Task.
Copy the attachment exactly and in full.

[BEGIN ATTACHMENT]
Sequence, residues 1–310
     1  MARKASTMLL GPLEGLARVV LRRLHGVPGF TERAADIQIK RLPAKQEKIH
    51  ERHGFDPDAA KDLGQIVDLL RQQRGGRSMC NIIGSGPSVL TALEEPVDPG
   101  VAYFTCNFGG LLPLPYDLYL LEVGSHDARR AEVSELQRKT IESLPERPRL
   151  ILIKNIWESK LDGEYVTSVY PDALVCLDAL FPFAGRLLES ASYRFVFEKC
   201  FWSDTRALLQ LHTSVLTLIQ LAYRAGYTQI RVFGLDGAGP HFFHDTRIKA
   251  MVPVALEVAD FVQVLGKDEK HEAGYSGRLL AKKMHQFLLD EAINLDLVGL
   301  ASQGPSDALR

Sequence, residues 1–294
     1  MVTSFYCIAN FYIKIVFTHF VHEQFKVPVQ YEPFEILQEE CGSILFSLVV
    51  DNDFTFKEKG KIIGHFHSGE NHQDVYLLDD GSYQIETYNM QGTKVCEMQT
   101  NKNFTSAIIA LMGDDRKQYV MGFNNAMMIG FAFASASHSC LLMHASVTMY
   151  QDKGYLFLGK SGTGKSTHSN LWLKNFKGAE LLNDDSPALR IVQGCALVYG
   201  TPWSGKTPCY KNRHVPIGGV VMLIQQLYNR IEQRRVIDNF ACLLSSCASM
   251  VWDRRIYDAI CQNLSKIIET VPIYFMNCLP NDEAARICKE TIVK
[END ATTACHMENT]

Sequence, residues 1–310
     1  MARKASTMLL GPLEGLARVV LRRLHGVPGF TERAADIQIK RLPAKQEKIH
    51  ERHGFDPDAA KDLGQIVDLL RQQRGGRSMC NIIGSGPSVL TALEEPVDPG
   101  VAYFTCNFGG LLPLPYDLYL LEVGSHDARR AEVSELQRKT IESLPERPRL
   151  ILIKNIWESK LDGEYVTSVY PDALVCLDAL FPFAGRLLES ASYRFVFEKC
   201  FWSDTRALLQ LHTSVLTLIQ LAYRAGYTQI RVFGLDGAGP HFFHDTRIKA
   251  MVPVALEVAD FVQVLGKDEK HEAGYSGRLL AKKMHQFLLD EAINLDLVGL
   301  ASQGPSDALR

Sequence, residues 1–294
     1  MVTSFYCIAN FYIKIVFTHF VHEQFKVPVQ YEPFEILQEE CGSILFSLVV
    51  DNDFTFKEKG KIIGHFHSGE NHQDVYLLDD GSYQIETYNM QGTKVCEMQT
   101  NKNFTSAIIA LMGDDRKQYV MGFNNAMMIG FAFASASHSC LLMHASVTMY
   151  QDKGYLFLGK SGTGKSTHSN LWLKNFKGAE LLNDDSPALR IVQGCALVYG
   201  TPWSGKTPCY KNRHVPIGGV VMLIQQLYNR IEQRRVIDNF ACLLSSCASM
   251  VWDRRIYDAI CQNLSKIIET VPIYFMNCLP NDEAARICKE TIVK